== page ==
Reportedly, Mae Clouther "declined an offer from the Ziegfeld Follies to marry a Boston accountant." One can believe it. And believe, too, that after said husband had "laughed at her" for thinking she might be able to play ping-pong, she began taking the game seriously enough to venture forth from her table at home, and in the spring of 1936 start her competitive career. Thus it was that, with the 1936-37 season, Mrs. F. J. (Mae) Clouther, tall, "Titian-haired," and decidedly good-looking, began to be noticed by an increasing number of...table tennis players. Perhaps she more vacationed than competed at that Aug. Provincetown, Massachusetts tournament. But, with her husband Jim interested enough to be the new treasurer of the MTTA, she started to get good in a hurry.
At the Oct. 23 Southern New England Open at Providence, Mae lost in 5 in the semi’s to U.S. #10 Mae Spannaus, the 1937 New York State Champion. At the Dec. 11-12 Massachusetts Championships, Clouther teamed with Singles runner-up Barbara Shields to win the Women’s Doubles. Then, at the Feb. 20-21 Colonial Open at Cambridge, though Mae lost the final to Shields, she upset Massachusetts Champ Stahl in the semi’s--"Jane’s first defeat in a New England tournament in 3 years."
Two months later, Clouther scored an even bigger Singles success at the Apr., 1937 U.S. National’s where, before losing in 4 to the eventual runner-up, Emily Fuller, Mae surprised Dolores Probert Kuenz, a member of the winning U.S. Corbillon Cup Team at the recent Baden World’s--and was rewarded for her 5-game win by seeing her photo in Topics.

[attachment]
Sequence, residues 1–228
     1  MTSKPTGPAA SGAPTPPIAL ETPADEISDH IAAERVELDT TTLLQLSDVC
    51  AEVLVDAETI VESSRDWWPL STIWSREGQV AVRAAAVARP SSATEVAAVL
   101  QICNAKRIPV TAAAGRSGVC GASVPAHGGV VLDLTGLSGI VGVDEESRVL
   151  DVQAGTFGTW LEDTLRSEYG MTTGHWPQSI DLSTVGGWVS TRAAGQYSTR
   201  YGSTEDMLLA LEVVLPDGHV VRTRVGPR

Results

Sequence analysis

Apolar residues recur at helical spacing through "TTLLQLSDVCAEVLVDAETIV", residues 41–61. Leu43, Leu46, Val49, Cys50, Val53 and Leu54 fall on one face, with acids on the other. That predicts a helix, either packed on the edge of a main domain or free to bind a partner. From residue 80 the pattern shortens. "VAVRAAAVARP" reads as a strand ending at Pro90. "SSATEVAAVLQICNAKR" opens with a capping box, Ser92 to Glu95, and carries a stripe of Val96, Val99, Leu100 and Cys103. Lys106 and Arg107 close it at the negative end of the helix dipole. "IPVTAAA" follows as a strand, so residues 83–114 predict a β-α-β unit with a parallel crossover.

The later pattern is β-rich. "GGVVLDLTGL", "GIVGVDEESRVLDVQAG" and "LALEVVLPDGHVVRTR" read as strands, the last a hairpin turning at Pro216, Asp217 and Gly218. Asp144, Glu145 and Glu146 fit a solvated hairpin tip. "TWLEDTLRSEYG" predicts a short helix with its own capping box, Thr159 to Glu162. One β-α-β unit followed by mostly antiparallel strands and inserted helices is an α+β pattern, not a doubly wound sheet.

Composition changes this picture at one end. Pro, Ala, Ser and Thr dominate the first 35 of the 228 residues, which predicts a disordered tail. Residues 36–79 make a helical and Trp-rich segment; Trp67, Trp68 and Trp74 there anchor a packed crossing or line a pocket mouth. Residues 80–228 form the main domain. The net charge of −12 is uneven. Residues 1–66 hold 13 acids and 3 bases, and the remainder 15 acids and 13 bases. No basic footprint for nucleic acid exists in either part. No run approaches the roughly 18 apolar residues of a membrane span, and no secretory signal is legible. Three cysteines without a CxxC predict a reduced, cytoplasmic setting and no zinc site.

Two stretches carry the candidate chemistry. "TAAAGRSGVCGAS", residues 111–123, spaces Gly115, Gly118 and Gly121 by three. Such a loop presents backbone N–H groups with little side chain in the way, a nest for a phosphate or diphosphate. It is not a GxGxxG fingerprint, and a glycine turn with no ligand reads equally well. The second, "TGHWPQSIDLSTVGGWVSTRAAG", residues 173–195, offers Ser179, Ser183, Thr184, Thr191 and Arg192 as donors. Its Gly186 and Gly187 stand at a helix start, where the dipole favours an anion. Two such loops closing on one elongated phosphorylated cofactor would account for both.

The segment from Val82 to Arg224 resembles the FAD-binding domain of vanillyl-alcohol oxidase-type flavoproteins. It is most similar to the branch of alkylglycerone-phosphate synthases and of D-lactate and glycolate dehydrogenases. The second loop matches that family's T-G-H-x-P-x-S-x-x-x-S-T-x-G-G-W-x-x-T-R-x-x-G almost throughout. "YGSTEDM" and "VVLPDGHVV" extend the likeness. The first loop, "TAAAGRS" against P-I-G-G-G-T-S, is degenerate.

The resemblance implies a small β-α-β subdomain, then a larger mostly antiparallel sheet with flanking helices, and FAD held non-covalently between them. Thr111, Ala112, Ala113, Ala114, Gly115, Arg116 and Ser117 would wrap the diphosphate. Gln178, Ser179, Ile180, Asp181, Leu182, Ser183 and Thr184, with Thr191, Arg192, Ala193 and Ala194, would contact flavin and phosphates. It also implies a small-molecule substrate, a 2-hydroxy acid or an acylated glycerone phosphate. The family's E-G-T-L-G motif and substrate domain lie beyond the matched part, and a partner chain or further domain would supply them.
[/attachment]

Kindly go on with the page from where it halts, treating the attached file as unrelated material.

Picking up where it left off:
Husband Jim moved on too. In addition to being a USTTA Ranking Committeeman, he now became the USTTA Treasurer--hence his close working relationship not only with Ranking Chairman Reginald Hammond but with President Carl Zeisberg. In regard to ranking Jim’s wife Mae for the ‘36-37 season, Hammond, as of July 2nd, had Corinne Migneco, 1936 U.S. World Team member but afterwards pretty much retired, as U.S. #7, and Clouther #8, ahead of fellow New Englanders Stahl and Shields. Eventually, though, Migneco will fall all the way to #12 and Clouther to #9, behind Stahl and Shields. Why?
Why indeed, for on July 7th, the very outspoken, very autocratic USTTA President Carl Zeisberg approved of Hammond’s first eight women, including Clouther--though in private among the Ranking Committeemen, including Jim, he downplays Mae’s win over Kuenz, says belittlingly it was a "pooping [chiseling] match." Nor did Ranking Committeeman Elmer Cinnater object to Reg’s ranking Clouther #8, though the only women he knows about and concurs with are Hammond’s "first six"; consequently, he’ll give Reg his proxy with regard to the other women’s rankings. So what happened then to make Hammond--"Migneco is definitely at the top" of the New Englanders, and "Clouther is definitely above Stahl"--change his mind?
It seems to be Jim Clouther’s own July 19th letter in which he thinks Stahl should head the New England women in the Rankings and that his wife should be second, an assessment that only Ranking Committeeman Charlie Dahlmen agrees with. However, these differences among them about the Ranking order are really not so consequential. What causes quite a stir with Zeisberg and Hammond (who, despite his definitiveness, had asked for Clouther’s input) is the fact that Jim had breached a confidence when he repeated to Mae the comments that had been made among the Ranking Committee members--especially President Zeisberg’s remark that Mae had played a "pooping"--that is, a pushing--match with Kuenz.